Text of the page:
Nosferatu The Untold Origin
Louis John Pecsi
"NOSFERATU THE UNTOLD ORIGIN In the year 1922, Nosferatu graced the silver screen with his shadowy specter. He was a creature of total mystery and no known origin until now. “Nosferatu the Untold Origin” begins with the 15th century crusader, Count Orlok, who must burn at the stake the powerful witch, Elsa, for her refusal to worship the God of Rome. As Elsa's flesh is consumed by the flames, she finalizes her curse by uttering the word "Nosferatu". Count Orlok is transformed into Nosferatu the Vampyre, a terrifying creature that bares little semblance to anything human. An epic adventure that spans over 400 years awaits Orlok, as he is plunged into the nocturnal world. Illustrated with over 300 full color paintings, this visually exciting graphic novel will change the reader's perception of vampyres."
As a huge fan of F.W. Murnau’s silent classic Nosferatu, I had wanted to read this one for a couple of years. A prequel to the film, this graphic novel intends to fill in the blanks of the film’s vampire, Count Orlok, by telling us the story on how he was cursed to walk the earth as the Nosferatu.
So, after having it sitting on my Amazon wishlist for such a long time, I finally picked it up and…well….…I will attempt to be nice about it.
First, the good things about this book. There are a few entertaining moments in the story and the general tone is suitably dark. The original film of Nosferatu, as I’vementioned before, was a loose adaptation of Bram Stoker’s Dracula and here the writer attempts to merge the two stories by having Count Orlok actually meet Dracula in his castle. It’s a pretty cool moment and as a Nosferatu fanboy, I have to admit that the two characters sharing the page did make me pretty happy even if there wasn’t much point to it beyond fan service.
There are a handful of other decent moments too, the actual transformation of the noble Count Orlok into the ratlike Nosferatu among them.
Now, the negatives. While the story is ok, the actual writing leaves a lot to be desired. It feels very flat, there’s not a lot of texture there. The descriptions of the action are dull and straightforward and the dialogue is wooden.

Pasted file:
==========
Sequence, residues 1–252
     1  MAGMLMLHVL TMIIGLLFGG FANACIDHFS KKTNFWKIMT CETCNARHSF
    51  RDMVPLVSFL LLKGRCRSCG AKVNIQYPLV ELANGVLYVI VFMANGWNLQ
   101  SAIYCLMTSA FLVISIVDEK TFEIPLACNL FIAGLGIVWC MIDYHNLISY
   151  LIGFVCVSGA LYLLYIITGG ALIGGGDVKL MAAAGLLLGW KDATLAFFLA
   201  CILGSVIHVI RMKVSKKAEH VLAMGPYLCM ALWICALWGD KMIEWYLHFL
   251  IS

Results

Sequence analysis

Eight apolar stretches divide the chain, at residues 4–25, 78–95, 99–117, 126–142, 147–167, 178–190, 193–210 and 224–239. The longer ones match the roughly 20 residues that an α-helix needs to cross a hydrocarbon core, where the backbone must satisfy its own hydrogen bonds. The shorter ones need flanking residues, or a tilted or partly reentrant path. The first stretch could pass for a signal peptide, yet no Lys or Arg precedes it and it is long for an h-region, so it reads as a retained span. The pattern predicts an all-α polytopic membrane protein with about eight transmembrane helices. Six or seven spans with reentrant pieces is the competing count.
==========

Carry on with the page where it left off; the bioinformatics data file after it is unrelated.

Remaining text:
There’s also the problem that the origin of Orlok we are presented with, directly conflicts with the film.
Despite what the writer says, the film does give us a back story for Orlok, Hutter reads a book which clearly reveals that Orlok is the son of the devil himself, therefore, having him reduced to a simple nobleman who gets turned into a vampire, isn’t half as interesting.
The main problem with this book though, is the artwork. Frankly, it’s amongst the worst I’ve ever seen in a book like this. Character’s are stiffly posed and the continuity from one panel to the next is shocking. The same pieces of art are re-used several times, sometimes on the same page and there is the occasional piece of random stock photography thrown in for no reason.
Add that to the fact that the layout looks like something a nine year old might throw together in photoshop after learning how to use filters and you have one of the most visually unappealing publications I’ve ever seen.
What could have been a cool little homage to one of cinema’s greatest moments sadly results in a wasted effort. The clunky writing and shockingly poor imagery, making for a book that borders on unreadable.
While it had a few redeeming moments, these are far too few and far between to rescue the book. Unless you’re as obsessed with the film as I am and feel the need to build up your collection, I’d definitely skip this one.